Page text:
Heart attack prevention and heart health is the object of two large, two–year grants from Kaiser Permanente to the Santa Clara Valley Medical Foundation and the Community Health Partnership. The $400,000 to each organization will expand their use of Kaiser Permanente’s life–saving PHASE (Prevent Heart Attacks and Strokes Every Day) program.
PHASE combines three medications, along with lifestyle changes, to provide a cost–effective treatment for people with existing heart disease and those at greatest risk for developing it, including diabetics 55 and older. By providing a generic, effective, well–tolerated fixed–dose treatment, the heart healthy regimen has helped Kaiser Permanente Northern California reduce heart attacks and stroke–related hospital admissions among its own members by 60 percent.
“Before PHASE, treating people with heart disease could require many office visits and phone calls – as the patient and physician worked together to find the right combination of medications and behavior modifications,” said Marc Jaffe, MD, one of the PHASE program innovators. He’s an endocrinologist and internist at Kaiser Permanente South San Francisco. “This made it difficult for some members to stick with their treatment plan. We developed the PHASE program in 2002 with the goal of reducing heart attacks and strokes by making treatment more accessible, affordable, consistent and convenient for our members.”
In 2006 the organization began sharing the program with community health centers through a combination of grant funding, clinical expertise and physician mentors. Today more than 50 clinic sites in Northern California are participating in PHASE and serving more than 35,000 people enrolled in the program.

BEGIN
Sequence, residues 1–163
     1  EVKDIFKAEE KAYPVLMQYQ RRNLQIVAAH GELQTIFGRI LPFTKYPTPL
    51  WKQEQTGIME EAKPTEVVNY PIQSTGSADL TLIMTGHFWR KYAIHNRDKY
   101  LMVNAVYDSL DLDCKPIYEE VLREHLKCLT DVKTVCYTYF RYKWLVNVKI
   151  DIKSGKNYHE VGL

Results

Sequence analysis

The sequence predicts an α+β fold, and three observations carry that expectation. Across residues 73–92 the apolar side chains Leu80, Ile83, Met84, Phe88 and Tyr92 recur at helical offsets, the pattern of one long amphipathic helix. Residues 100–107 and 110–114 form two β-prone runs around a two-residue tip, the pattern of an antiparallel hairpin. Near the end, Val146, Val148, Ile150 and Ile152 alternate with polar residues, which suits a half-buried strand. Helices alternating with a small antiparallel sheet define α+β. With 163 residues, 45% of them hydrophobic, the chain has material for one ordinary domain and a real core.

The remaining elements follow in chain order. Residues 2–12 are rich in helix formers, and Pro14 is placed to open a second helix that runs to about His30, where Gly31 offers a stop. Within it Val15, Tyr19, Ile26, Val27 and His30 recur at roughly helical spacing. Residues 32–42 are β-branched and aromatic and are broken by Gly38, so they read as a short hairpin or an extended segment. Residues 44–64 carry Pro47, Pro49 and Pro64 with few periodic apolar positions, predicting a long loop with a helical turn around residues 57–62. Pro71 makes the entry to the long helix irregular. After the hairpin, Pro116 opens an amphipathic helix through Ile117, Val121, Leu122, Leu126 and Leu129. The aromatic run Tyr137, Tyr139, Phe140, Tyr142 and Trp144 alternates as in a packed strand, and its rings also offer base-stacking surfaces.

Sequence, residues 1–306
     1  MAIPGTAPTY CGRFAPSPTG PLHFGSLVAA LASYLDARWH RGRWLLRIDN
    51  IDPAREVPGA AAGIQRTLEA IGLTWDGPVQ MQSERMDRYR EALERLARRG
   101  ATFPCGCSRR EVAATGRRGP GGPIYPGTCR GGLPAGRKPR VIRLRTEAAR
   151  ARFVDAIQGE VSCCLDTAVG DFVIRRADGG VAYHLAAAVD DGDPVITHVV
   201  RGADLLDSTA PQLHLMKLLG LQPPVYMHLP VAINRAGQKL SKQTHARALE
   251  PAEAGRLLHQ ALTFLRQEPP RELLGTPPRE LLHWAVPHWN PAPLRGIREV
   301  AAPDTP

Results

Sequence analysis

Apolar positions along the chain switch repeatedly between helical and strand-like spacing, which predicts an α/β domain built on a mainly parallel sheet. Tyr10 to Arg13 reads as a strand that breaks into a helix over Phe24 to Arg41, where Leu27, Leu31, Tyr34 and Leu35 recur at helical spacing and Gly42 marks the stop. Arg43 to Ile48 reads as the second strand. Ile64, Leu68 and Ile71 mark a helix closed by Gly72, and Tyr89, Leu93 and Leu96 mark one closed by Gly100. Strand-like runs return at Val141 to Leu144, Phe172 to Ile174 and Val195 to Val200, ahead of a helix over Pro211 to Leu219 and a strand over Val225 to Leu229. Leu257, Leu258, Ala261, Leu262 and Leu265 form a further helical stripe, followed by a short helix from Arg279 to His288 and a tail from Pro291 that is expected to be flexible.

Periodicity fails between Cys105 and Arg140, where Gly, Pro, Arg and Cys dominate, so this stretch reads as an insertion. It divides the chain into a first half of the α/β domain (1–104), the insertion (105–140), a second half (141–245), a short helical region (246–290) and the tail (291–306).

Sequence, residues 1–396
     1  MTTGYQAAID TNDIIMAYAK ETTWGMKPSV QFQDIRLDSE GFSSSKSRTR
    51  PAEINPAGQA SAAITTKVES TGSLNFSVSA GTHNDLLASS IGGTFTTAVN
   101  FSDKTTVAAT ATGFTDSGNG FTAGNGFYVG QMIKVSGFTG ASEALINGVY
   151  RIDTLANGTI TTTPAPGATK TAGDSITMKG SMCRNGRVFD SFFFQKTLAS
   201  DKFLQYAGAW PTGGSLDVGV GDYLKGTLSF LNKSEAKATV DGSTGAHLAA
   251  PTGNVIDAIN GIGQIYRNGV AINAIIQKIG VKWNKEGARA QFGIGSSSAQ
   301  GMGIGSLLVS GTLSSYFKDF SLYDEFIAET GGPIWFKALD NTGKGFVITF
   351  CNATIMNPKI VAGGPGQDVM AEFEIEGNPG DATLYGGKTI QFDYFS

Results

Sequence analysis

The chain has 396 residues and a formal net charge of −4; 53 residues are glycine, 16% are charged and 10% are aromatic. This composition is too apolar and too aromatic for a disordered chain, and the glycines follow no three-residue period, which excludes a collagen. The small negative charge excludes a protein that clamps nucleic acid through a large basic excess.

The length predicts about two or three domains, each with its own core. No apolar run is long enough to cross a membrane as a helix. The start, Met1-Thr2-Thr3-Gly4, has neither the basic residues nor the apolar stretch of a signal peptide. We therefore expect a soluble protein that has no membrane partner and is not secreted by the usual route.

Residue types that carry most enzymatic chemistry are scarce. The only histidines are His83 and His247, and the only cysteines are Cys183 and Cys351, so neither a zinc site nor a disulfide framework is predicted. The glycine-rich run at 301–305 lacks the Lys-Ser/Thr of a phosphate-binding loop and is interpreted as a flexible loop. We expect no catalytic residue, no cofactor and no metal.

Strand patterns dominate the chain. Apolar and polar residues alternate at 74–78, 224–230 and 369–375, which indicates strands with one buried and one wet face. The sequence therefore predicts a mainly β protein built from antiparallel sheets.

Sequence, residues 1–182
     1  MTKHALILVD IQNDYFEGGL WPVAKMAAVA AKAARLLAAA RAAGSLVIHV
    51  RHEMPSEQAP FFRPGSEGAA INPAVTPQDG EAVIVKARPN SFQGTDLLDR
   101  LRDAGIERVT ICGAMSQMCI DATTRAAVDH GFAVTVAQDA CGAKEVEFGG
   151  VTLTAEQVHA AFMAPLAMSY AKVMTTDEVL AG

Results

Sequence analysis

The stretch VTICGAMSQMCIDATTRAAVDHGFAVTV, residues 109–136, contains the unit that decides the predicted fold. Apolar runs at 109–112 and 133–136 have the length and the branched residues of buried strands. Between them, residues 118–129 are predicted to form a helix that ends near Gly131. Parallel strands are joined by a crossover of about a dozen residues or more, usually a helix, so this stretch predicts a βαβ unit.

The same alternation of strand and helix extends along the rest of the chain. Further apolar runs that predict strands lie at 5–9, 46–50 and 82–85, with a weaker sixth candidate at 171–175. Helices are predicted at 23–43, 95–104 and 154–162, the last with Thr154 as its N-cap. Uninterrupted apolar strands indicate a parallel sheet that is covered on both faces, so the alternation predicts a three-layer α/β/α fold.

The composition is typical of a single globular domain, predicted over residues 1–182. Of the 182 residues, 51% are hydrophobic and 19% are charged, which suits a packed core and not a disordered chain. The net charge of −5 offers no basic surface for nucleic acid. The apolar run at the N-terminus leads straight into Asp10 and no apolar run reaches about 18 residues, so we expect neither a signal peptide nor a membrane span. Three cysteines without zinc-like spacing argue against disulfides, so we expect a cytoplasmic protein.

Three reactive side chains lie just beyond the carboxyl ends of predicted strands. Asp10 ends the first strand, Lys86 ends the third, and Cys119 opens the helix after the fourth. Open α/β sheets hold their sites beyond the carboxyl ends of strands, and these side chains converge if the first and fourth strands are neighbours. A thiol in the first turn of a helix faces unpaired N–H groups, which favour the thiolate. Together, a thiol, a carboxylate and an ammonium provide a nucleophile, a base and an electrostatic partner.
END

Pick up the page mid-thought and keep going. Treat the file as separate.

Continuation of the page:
“This grant will help the community health centers in our region identify and prevent heart attacks and strokes in our at–risk low income and uninsured patients,” said Dolores Alvarado, CEO of Community Health Partnership. “We are grateful for Kaiser Permanente's continued investment in health centers, specifically in the area of successful management of chronic health problems.”
The new grants will continue support for health organizations that are already using PHASE, to help them increase enrollment and expand the program’s scope to treat other conditions, such as hypertension. Other grants will help health organizations adopt team–based care models and technical improvements – such as electronic health records – that are foundational for implementing chronic care programs, including PHASE. Other grants will support overall evaluation and training support for the overall initiative and PHASE grantees.
“Collaboration saves lives, and it is helping us participate in the transformation of care delivery,” said Jaffe. “By taking the best of what’s working for our members and sharing it with the larger health care community, we are also beginning to develop a more efficient care delivery model that results in better health.”